- File Size: 3892 KB
- Print Length: 332 pages
- Simultaneous Device Usage: Unlimited
- Publisher: Rexon Press; 2 edition (May 25, 2011)
- Publication Date: May 25, 2011
- Sold by: Amazon Digital Services LLC
- Language: English
- ASIN: B0052UYC70
- Text-to-Speech: Enabled
- Word Wise: Enabled
- Lending: Enabled
- Amazon Best Sellers Rank: #494,781 Paid in Kindle Store (See Top 100 Paid in Kindle Store)
Broken Glass: Book One - The Glass Complex Trilogy Kindle Edition
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Top Customer Reviews
House Aluta is a up and coming faction of the Empire. They have wealth, they have the means to overthrow the leadership of any world without imperial consequences, they have infiltrated most branches of Imperial rule and they are ready to, in a few more years, overthrow the emperor himself in order to rule the empire.
But first they have to conquer a couple more planets, Homeworld being one.
That's where the problem starts. That is where Steg becomes their nemesis. And he has abilities nobody saw or knew before.
Steg is a formidable force such as the empire has never experienced before.
John Hindmarsh is a master of the space opera and very original in thought and plots. Adventure and action abounds. Getting to the end of a book is with almost a cathartic sense of loss and regret there is no more to read. Thanks goodness this is a series. There are more to come.
I finished the book cover to cover in a few days. The pace is rapid and the storyline is full of action, as the main character travels through several worlds in order to fulfill his mission. This is one of my favorite genres, and this plot has the elements for a good trilogy: advanced technology developed by an ancient civilization that disappeared long ago, a system of family houses that rule in different parts of the universe, humans with abilities to link with sentient computer networks...
However, some of the book characters need more development, in particular Steg de Coeur, the main character. For example, when Steg's family is murdered and he is forced to flee from his home planet, he hardly seems shocked or moved by the events. Later on, during his journey, Steg faces numerous dangers. But he is always sure of himself, never doubts about what has to be done... he is good at everything, be it analytical reasoning, strategy or physical combat. And his just discovered ability to link directly with the all-powerful Glass Complex computer network helps him solve without much effort the must cunning situations. I found it difficult to like Steg.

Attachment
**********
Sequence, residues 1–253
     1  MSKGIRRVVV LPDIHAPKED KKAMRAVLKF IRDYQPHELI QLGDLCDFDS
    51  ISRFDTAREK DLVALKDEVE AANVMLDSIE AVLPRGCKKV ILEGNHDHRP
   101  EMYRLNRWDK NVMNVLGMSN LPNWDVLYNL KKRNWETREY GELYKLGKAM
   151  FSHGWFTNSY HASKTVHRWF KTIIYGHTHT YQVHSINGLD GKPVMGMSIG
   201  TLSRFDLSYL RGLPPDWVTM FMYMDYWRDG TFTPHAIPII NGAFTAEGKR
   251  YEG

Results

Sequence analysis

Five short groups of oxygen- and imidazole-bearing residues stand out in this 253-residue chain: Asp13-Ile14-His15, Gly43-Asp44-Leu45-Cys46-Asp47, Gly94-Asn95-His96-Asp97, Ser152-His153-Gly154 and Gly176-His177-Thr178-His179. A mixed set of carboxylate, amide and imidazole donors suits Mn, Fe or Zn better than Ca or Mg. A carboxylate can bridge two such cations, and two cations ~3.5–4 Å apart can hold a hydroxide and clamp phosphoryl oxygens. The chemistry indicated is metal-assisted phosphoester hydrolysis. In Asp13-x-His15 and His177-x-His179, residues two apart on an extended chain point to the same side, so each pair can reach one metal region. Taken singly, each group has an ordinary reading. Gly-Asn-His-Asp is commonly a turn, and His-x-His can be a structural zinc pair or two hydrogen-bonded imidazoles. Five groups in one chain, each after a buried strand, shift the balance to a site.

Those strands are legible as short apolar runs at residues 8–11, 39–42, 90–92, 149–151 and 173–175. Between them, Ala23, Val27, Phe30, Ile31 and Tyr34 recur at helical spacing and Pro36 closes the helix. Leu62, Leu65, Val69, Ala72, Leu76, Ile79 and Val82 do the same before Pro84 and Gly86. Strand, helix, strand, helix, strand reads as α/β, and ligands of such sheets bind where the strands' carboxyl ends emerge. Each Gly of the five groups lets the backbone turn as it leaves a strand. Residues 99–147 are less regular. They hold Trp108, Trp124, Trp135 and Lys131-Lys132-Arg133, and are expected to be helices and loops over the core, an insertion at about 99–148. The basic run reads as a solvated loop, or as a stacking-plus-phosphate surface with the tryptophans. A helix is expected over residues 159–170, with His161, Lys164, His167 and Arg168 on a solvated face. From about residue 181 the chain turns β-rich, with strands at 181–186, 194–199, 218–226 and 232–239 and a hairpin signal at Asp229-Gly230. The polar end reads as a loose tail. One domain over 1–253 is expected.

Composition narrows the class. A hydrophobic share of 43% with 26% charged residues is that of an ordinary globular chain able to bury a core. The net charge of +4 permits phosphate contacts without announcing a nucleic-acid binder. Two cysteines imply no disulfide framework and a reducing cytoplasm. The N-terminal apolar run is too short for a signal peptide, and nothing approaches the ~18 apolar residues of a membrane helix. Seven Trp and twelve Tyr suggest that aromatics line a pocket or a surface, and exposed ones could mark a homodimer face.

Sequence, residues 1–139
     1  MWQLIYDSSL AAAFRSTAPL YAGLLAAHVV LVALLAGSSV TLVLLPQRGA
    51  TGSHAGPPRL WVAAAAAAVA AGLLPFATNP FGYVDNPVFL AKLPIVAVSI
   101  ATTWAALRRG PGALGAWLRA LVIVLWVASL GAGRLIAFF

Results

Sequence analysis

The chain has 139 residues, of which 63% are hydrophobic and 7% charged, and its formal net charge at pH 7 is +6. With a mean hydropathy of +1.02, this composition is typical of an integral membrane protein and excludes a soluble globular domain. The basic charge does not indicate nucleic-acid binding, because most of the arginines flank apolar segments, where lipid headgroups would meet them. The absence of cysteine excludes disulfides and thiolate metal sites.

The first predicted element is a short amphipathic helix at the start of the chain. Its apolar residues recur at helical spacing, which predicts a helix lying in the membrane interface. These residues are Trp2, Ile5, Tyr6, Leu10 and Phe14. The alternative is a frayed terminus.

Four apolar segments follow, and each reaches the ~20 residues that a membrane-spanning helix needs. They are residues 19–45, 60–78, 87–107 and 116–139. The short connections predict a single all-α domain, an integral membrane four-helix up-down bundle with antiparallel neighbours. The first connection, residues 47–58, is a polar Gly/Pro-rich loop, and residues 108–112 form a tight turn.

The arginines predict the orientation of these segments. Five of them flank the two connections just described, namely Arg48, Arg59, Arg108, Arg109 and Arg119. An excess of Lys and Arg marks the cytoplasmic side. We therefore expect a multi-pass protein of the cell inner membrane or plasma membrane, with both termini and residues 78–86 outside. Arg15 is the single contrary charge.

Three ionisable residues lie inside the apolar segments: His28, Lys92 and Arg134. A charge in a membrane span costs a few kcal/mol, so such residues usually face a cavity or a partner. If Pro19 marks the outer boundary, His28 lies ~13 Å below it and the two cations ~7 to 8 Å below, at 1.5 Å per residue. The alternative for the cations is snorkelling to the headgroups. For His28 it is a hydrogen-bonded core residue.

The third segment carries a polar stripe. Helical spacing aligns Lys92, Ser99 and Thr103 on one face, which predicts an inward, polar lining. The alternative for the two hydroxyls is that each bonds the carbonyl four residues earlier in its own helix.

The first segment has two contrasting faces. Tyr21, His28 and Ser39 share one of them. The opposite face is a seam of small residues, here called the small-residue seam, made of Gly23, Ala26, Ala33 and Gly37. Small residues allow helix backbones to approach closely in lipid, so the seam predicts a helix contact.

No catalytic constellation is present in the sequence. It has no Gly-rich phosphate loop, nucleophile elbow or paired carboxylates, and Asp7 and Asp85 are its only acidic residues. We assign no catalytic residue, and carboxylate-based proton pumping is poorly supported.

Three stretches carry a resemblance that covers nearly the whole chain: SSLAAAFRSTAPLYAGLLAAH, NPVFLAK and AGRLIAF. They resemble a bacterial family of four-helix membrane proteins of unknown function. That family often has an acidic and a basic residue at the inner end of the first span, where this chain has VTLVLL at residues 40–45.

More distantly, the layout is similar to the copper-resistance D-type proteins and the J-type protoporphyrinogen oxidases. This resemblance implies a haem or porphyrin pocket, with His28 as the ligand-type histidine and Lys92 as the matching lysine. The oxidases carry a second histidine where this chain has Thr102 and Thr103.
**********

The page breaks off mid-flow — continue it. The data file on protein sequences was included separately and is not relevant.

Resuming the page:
I am looking forward for the next books in the trilogy. I finished the book wanting to know more about the mysterious portals, the Glass Complex and its acolytes, the role of the ancient civilization in the events to come.
Hindmarsh has created a strong and likable protagonist who is beset upon by overwhelming odds and uses an almost magic-like ability to control machines to accomplish his goals.
The story will blaze along, never getting bogged down at any one point (and will sometimes move too fast, only mentioning certain events in retrospect). With enjoyable characters, a complex universe, and a decent revenge plot (that was considerably more civilized and gory-less than I'd have liked), you're sure to be satisfied with this purchase.
My only gripe is that for about the first 88% of the novel the main character is this calm and capable, stoic and smart individual who then, suddenly and at that precise mark and for no apparent reason, turns into a bumbling idiot that falls for the same painfully obvious move twice, is incapable of using any of his previously successful problem solving skills to remedy the situation, and as a result, the story which was previously enjoyable stumbles into an awkward finish. The change is so abrupt that it appears to me as if the author got through most of the writing and then remembered, "oh, this is supposed to have a sequel," and promptly snipped some ends of the plot, to hopefully be resolved later, so as if to create a cliffhanger that will make us eagerly await the next installment.
Most Recent Customer Reviews
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This book was very interesting to me - not my usual genre, but the author did a great job of introducing the...Read more
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